Like many events, the NI Science Festival has gone online for 2021, running from February 15-18 and offering over 120 events including discussions and interactive workshops. In its seventh year - and at a time where science has never been more in focus - one of the upcoming events is a Q&A with teenage naturalist Dara McAnulty.
The 16-year-old, the youngest recipient of the 2020 Wainwright Prize for UK nature writing for his Diary of a Young Naturalist, lives in Castlewellan with his family and will be talking about our connection to nature, something which we can all explore.
"And how incredible the natural world is and the wonder that inspires in us," he says.
"I'm also going to be talking a little bit about my book, because it took up such a massive part of my life, coming here [to Castlewellan] and the experiences that unfolded with it, and how that's shaped my life, but at the centre of it all is nature."
The teenager says he doesn't get nervous before a public speaking event but afterwards.
"I come out of the event going, 'oh my God did people like it?' and all my anxiety kicks in after the event because I feel like I almost shove it out of my mind before the event because that's distraction. Once it's done, I release it all and then I get post-nervous."
Being 16 and with one book critically acclaimed and another to be published in July, it's clear that age is only a number to Dara, and that young people's voices are important and need to be heard.
"I feel like that was one of the things that the book is proof that young people can write about the things that they love.
"It doesn't need to be nature but to allow that expression of thought from young people about the things that they care about was really, really important to me. And when the book did well I thought, 'Oh my goodness, we can actually do this, and our voices can be heard'. It gives me hope.
"I feel like what we have to say is as important as everybody else. And I hope that I can encourage people forwards.
"The book has helped me, encouraged me to be a bit more active, and to try and push myself out of my comfort zone."
Using words to encourage others is especially apt - 'the importance of words can never be understated' he says and 'a single word can change how you look at the world'.
Diary of a Young Naturalist chronicles Dara's encounters with nature and wildlife while juggling homework, friendships and exams and of course, his conservation and environmental activity. The writing is vivid and beautiful and captures readers' attention.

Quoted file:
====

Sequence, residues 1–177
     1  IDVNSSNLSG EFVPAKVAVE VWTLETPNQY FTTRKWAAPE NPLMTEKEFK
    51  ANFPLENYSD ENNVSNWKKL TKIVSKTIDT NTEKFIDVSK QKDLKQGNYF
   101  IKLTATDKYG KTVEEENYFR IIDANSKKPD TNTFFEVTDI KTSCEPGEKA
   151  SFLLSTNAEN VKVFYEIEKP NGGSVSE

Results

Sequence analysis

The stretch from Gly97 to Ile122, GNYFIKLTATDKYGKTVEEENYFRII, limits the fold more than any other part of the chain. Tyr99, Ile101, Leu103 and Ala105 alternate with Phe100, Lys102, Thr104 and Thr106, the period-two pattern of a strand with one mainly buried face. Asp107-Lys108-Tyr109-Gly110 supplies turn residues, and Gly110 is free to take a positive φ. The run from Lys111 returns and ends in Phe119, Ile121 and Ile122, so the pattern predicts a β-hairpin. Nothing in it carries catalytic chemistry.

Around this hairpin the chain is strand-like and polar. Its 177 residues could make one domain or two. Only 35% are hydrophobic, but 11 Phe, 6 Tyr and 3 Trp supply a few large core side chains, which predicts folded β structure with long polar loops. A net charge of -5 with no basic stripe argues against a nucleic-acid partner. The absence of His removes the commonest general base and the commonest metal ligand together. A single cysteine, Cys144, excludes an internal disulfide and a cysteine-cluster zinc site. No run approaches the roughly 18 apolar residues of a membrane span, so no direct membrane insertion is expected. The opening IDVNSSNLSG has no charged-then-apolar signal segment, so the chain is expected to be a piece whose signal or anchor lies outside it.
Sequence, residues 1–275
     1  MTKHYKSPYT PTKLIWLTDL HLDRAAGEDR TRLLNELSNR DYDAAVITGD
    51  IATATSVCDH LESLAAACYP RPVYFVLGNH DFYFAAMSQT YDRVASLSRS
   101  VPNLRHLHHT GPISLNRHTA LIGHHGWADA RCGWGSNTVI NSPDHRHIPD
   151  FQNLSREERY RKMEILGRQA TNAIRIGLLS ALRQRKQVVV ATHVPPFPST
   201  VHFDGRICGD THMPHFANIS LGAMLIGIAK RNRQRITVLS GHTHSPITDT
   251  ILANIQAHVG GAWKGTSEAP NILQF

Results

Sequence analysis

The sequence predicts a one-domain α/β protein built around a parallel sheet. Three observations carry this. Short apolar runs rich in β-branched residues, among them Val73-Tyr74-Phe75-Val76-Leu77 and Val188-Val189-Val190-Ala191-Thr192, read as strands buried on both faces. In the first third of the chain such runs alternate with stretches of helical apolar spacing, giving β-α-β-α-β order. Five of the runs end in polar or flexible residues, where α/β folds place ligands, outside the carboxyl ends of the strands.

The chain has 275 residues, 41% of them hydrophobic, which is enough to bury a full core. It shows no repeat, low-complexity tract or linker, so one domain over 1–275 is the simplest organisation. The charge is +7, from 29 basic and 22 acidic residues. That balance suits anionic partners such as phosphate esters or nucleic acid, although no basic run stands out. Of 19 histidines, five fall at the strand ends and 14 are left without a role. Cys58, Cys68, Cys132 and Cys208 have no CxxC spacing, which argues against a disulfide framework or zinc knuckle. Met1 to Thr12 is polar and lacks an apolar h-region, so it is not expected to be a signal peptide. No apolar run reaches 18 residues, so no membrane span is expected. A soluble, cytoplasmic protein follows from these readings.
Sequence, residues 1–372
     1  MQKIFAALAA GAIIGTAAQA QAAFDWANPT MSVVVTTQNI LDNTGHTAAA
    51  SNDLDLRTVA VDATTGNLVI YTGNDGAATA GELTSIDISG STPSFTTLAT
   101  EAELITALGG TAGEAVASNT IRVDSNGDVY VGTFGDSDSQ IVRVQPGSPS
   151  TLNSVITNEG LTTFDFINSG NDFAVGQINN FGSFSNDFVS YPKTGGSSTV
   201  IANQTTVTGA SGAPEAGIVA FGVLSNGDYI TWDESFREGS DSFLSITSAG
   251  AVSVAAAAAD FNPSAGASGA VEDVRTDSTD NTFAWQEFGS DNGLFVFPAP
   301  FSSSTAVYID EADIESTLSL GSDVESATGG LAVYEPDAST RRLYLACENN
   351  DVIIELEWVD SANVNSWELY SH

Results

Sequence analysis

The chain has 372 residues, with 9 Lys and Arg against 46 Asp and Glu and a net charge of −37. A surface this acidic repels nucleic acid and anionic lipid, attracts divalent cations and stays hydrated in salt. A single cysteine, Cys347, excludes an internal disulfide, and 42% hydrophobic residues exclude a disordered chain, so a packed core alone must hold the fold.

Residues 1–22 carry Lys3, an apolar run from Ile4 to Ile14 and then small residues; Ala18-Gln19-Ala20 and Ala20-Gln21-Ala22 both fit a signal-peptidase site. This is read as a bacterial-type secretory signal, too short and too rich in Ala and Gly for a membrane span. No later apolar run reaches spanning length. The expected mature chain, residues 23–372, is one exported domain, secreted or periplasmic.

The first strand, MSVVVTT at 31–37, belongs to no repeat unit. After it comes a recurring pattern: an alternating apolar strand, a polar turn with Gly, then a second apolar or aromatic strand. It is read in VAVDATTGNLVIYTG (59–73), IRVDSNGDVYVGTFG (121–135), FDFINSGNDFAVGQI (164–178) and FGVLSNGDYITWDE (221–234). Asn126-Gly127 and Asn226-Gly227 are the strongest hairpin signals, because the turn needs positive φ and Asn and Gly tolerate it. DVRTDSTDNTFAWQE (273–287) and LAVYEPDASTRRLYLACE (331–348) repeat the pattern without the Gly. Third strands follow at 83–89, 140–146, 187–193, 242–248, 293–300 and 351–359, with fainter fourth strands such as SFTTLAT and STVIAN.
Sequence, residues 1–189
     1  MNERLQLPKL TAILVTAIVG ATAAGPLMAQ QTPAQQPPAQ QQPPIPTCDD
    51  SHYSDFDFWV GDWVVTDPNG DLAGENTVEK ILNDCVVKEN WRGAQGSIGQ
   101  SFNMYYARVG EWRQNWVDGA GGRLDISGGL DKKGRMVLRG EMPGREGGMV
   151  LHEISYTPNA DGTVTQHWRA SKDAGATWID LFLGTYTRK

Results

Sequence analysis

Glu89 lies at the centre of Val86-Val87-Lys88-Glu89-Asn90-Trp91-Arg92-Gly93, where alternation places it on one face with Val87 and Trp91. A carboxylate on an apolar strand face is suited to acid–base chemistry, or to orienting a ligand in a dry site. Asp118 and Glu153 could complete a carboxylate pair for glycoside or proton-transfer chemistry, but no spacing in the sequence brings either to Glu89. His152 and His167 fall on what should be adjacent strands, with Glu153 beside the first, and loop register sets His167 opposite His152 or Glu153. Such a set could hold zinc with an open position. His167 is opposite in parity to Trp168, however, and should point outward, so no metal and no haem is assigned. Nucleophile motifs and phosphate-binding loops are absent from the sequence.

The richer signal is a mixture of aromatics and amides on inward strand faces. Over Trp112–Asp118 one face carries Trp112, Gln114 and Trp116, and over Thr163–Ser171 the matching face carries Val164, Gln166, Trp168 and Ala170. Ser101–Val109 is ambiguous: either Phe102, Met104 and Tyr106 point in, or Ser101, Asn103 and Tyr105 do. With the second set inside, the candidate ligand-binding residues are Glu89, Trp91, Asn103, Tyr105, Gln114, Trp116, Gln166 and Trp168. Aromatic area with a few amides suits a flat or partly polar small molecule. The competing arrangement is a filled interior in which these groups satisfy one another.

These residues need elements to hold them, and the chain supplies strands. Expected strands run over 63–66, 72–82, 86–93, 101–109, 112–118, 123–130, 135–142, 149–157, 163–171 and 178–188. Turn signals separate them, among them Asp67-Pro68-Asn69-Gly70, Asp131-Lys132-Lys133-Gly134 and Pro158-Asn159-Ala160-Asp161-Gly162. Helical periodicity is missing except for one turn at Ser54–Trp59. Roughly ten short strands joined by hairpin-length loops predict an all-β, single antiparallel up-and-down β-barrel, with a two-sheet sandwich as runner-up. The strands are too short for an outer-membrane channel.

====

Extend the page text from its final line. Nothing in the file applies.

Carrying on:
"I was writing the diaries on my blog and thought I could collect them and maybe give them to Twitter followers or for something for me to have," says Dara, who was diagnosed with Asperger's aged five.
"I thought it would be kind of small and then I kept writing. I think it was by the end of spring that I realised there was a book. I thought, 'Oh my word, I'm writing a book'.
"One of the interesting things about this book is usually when an author goes to write a book they know what the ending is going to be.
"The thing about a diary is I have no idea, because I'm writing and in nearly real time, I have no idea what the end of the book is going to be. I'm really hoping that it's a happy one," he laughs.
"My life just kind of coincided with me deciding to write the book, which I guess is one silver lining.
"When my mental health went downhill, the book allowed me to understand it in a sense. I could go over and think that's what went wrong, that's what went right."
He values having the diaries to re-read, and believes it's important for everyone to do, so as to be able to chart what's going on in our lives.
"Once you write it down, that's your old, past view.
"And then when you're present and you're looking back, you can go, 'okay, I was feeling happy that day or I wasn't feeling very happy'.
"But when you're living that day, you just feel like it's any other day.
"You never know how low or how high you've gone until you look back and see either the massive mountain behind you or the gaping abyss."
His main message is awareness and opening readers up to the world around them.
"I feel I'm sort of opening the curtains from the window and the readers get to choose what they're going to look at in a sense, and what they're going to remember.
"I just think that I want to show people this, not even show it because it's there for all to see, but point them in the direction of it."